Trying to lay the blame at the feet of Amazon/Netflix/Google/Microsoft is completely falacious. None of them ask you to do anything. And all of them can be supplanted with options. That is not the case when you have only Comcast in your neighborhood.

I am reminded of the debates about Microsoft in the 90s, when it was to be regulated as utility because it was the only viable option. That situation exists much more on the carrier side. On the content side, the competiion is absolutely fierce (Amazon/Walmort/NewEgg/Costco, Netflix/Hulu,.....). 
lightreceding
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lightreceding,
User Rank: Light Sabre
12/6/2017 | 8:30:42 PM
Net Neutrality only when it's for me.
Web monsters like Google and Amazon are hypocrites and the same goes for Facebook and Youtube and a host of others. They don't care about the end users or about being fair. They just care about making as much money as they can and using the populist sounding Net Nutrality argument to their benefit.  

I just read that Google is preventing YouTube from working on Amazon products like the FireTV and the Echo Show and that Google said it took action because Amazon doesn't carry Google hardware or let Google hardware stream Amazon Prime Video.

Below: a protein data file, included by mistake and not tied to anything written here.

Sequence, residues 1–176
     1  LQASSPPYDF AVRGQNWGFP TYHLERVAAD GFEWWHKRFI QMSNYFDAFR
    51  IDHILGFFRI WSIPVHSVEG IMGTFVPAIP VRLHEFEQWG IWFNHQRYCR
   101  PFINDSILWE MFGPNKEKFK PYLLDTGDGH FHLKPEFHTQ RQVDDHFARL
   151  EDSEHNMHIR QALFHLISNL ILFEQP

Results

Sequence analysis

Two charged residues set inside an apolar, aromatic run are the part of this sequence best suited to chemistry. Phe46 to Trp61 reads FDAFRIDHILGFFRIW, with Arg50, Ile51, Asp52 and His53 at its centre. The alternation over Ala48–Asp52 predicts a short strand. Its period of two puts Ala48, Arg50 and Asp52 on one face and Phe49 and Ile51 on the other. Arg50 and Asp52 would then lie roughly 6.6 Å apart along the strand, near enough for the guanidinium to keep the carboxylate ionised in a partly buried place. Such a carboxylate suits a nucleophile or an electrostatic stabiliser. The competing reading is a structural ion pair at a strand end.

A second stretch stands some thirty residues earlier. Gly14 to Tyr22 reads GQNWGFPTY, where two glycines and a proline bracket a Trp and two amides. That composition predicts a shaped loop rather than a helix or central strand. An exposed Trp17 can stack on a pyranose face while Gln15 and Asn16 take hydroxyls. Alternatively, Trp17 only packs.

Originally the telco argument was that since these web monsters were running over their networks they should pay the telcos for use of the network that the telcos built and owned.

The web monsters lobbied congress for Net Nutrality so that they would not have to pay and in response the telcos started rate limiting sites like Youtube and NetFlix and Amazon video.

Customers then were forced to pay the telco for a premimum package with more bandwidth than what was really needed for the promise of getting reliable access to these sites. 

I don't agree with the rate limiting and I don't like having to pay for more bandwidth than I need, but I do see some merit to the telco argument that the web monsters should be paying for some of the costs running their data over of the telco network.

I don't think that the Internet is a public property like the highways and there isn't much profit in moving bits. Not like there is in being a big web property. 

 
donald.e
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donald.e,
User Rank: Light Beer
12/6/2017 | 11:09:53 AM
Re: Too Much Hype
The irony is that Americans have now got the no-holds-barred system the giant telcos have long craved, while Europe, with its bustling broadband markets, seems keen to bind itself in more red tape.